of understanding. He is, indeed, master of a stately eloquence, marking the last period of English previous to the era of Addison, and his Latin style is equally admired for purity and elegance; but the praise of his understanding must be qualified by the admission that he was fanciful and that his science was crude even for his time. The first part of his ‘Telluris Theoria Sacra, orbis nostri originem et mutationes generales quas aut jam subiit aut olim subiturus est complectens,’ in two books, appeared in Latin in 1681. From the dedication to the Earl of Wiltshire we learn that it was partly composed during Burnet's travels with him. It was admired by Charles II. An English version, enlarged and modified, appeared in 1684, dedicated to the king. The last part, in two books, dedicated to the Duke of Ormonde, appeared in 1689 (together with a second edition of the first two books), and an English translation of the whole, dedicated to Queen Mary, in the same year. Addison addressed a Latin ode to Burnet in 1689, and Steele wrote an enthusiastic ‘Spectator’ (No. 146) upon the ‘Theory.’ Burnet maintained that the earth resembled a gigantic egg; the shell was crushed at the deluge, the internal waters burst out, while the fragments of the shell formed the mountains, and at the same catastrophe the equator was diverted from its original coincidence with the ecliptic. Erasmus Warren attacked his theory in 1690 in a pamphlet called ‘Geologia, or a Discourse concerning the Earth before the Deluge.’ John Keill, of Balliol, published an ‘Examination of Dr. Burnet's Theory’ in 1698, in which he also ridicules the scientific ignorance of Warren, and argues against Whiston's explanation of the deluge by a comet in his ‘New Theory of the Earth’ (1696). Burnet's replies to Warren and Keill are appended to the sixth edition of the ‘Theory’ (1726). He was also criticised by Bishop Crofts (1685), John Beaumont (1693), R. St. Clair (1697), and others. Flamsteed is reported to have said that these went more to the making of the world than a fine turned period, and that he could refute Burnet on a single sheet of paper (Sloane, Voyage to Madeira, &c., ii. xiii, and New Memoirs of Literature for 1726, p. 97).
In 1692 Burnet published his ‘Archæologiæ Philosophicæ sive doctrina antiqua de rerum originibus.’ An English version appeared in the same year. He professes in this to reconcile his theory with the first chapter of Genesis, which receives a non-literal interpretation; and a ludicrous account of the conversation between Eve and the serpent gave great offence. Burnet published a letter ‘Ad clarissimum virum A.B.,’ apologising for his indiscretion, and is said to have written to his bookseller at Amsterdam directing the suppression of his work (Life). Charles Blount the deist [q. v.] made free use of the book in his ‘Oracles of Reason.’ A popular ballad (see W. King's Works, 1776) ridiculed him along with South and Sherlock. Burnet is represented as saying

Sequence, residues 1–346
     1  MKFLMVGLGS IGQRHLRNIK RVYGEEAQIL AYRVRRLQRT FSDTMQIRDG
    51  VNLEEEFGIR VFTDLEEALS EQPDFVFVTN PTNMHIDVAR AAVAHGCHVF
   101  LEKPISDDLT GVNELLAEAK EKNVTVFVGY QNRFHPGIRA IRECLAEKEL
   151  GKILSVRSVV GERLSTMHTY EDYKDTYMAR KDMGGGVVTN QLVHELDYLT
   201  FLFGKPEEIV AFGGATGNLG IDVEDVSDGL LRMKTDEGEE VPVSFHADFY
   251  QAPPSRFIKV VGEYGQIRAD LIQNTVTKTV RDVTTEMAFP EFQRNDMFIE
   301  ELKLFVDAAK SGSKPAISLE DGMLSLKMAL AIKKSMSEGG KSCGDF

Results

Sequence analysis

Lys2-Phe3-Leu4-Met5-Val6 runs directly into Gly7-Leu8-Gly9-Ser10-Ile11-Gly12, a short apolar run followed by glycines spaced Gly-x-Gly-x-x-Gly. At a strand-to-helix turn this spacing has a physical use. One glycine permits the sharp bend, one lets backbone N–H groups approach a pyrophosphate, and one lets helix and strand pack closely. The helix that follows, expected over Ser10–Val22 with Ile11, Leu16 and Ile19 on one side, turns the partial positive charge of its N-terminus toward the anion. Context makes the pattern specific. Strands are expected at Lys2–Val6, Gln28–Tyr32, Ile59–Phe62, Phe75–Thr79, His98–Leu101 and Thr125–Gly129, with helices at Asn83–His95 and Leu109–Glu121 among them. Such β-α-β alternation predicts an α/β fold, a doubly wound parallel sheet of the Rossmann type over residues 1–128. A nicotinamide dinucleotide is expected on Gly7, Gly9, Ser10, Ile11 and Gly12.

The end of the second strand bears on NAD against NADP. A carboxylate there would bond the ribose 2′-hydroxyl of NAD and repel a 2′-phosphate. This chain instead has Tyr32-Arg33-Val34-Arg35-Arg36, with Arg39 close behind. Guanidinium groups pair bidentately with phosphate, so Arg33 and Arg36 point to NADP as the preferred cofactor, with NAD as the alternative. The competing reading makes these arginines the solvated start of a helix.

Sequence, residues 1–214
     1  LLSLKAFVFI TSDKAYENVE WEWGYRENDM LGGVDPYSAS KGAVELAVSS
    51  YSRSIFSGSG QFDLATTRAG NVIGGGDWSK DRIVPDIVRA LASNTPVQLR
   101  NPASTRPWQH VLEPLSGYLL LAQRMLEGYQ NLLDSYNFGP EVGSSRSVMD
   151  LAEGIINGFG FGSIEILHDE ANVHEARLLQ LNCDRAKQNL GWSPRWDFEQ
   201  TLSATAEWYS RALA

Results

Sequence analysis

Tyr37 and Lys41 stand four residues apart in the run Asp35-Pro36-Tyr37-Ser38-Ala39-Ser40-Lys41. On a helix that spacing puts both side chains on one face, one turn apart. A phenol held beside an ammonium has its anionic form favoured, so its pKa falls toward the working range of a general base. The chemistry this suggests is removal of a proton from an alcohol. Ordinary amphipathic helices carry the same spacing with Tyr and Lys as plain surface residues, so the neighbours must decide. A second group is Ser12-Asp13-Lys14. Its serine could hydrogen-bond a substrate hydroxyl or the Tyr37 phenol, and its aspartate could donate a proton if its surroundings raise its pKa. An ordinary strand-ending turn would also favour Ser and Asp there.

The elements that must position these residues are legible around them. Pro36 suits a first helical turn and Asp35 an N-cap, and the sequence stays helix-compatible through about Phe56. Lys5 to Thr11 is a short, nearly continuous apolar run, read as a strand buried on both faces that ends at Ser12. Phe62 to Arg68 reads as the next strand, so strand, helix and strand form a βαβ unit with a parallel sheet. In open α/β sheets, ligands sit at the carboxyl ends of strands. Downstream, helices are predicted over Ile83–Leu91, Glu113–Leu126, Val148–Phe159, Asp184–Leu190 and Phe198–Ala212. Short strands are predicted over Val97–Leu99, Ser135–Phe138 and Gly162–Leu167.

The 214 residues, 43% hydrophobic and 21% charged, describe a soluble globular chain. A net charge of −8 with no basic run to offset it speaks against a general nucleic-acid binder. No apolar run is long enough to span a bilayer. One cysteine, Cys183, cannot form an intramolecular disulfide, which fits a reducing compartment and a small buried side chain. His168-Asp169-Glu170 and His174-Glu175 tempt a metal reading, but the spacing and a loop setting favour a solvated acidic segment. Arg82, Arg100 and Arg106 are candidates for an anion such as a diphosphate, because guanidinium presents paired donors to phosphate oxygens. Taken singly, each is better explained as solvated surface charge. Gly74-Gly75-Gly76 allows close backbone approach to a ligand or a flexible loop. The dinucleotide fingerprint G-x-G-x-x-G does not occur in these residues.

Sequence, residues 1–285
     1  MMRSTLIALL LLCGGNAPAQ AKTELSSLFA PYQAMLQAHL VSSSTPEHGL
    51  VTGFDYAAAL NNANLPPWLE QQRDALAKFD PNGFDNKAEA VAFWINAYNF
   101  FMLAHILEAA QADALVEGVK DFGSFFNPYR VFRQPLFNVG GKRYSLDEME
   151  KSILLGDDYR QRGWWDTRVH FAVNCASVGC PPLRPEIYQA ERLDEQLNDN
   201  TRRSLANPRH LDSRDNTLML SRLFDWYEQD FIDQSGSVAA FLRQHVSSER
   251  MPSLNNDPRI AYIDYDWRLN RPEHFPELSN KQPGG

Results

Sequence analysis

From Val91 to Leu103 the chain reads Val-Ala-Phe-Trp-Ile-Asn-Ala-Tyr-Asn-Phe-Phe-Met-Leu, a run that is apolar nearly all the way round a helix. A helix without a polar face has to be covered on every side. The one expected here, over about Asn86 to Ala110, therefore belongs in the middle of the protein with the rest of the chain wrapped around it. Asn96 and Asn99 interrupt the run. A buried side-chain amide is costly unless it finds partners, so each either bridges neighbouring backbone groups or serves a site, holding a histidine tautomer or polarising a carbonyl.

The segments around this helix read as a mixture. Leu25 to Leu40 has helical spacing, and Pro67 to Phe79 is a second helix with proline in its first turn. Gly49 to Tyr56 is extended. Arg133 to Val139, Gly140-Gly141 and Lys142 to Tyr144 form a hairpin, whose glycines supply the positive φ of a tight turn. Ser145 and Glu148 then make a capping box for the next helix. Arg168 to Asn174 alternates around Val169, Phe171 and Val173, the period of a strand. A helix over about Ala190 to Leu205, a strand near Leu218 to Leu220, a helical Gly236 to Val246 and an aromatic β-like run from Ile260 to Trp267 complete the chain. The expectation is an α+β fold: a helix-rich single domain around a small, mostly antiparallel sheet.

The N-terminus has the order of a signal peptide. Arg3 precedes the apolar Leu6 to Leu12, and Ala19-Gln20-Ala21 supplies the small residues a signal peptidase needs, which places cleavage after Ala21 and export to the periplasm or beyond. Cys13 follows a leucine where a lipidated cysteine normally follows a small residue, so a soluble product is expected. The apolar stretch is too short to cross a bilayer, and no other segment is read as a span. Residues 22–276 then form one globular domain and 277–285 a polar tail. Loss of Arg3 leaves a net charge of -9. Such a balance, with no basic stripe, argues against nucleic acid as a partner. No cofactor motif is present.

That all the books of Moses
Were nothing but supposes.
That as for Father Adam
And Mrs. Eve, his Madame,
And what the devil spoke, Sir,
'Twas nothing but a joke, Sir,
And well-invented flam.
He had to give up the clerkship of the closet, and it seems improbable that he could have been thought of for the primacy.
In 1697 Burnet published some (anonymous) ‘Remarks’ upon Locke's Essay. Locke refers to them in his answer to Stillingfleet. In ‘Second Remarks’ (1697) and ‘Third Remarks’ (1699) Burnet continued the controversy, protesting against the sensationalist character of Locke's philosophy. Mrs. Cockburn [q. v.] defended Locke.
He wrote in later life two books, ‘De Fide et Officiis Christianorum,’ and ‘De Statu mortuorum et resurgentium.’ In the ‘De Fide’ he regards the historical religions as based upon the religion of nature, and rejects original sin and the ‘magical’ theory of the sacraments. In the ‘De Statu’ he argues against the endlessness of punishment, though considering that the ordinary phrases should be used for the popular. He kept the books to himself, probably to avoid further imputations of heresy, but had a few copies printed for correction and communication to intimate friends. After his death Dr. Mead bought such a copy at a sale, and printed a few copies in a handsome quarto (1720) with a ‘monitum’ prefixed, desiring all into whose hands it might come to keep it for the select. A nobleman (Lord Macclesfield) obtained permission from F. Wilkinson of Lincoln's Inn, Burnet's literary executor, to print some copies of the ‘De Fide’ in the same form with a similar admonition (1722). Lord Macclesfield afterwards reprinted a few more copies of the ‘De Statu’ with corrections, but still in the same form (1723). A second ‘epistola’ in defence of the ‘Archæologiæ’ (not published by Burnet) is appended to the ‘De Statu’ (1720), and this, with the epistle formerly published by the author, is appended to the ‘De Statu’ (1723). Both treatises were surreptitiously reprinted in octavo, the ‘De Statu’ in 1726, and the ‘De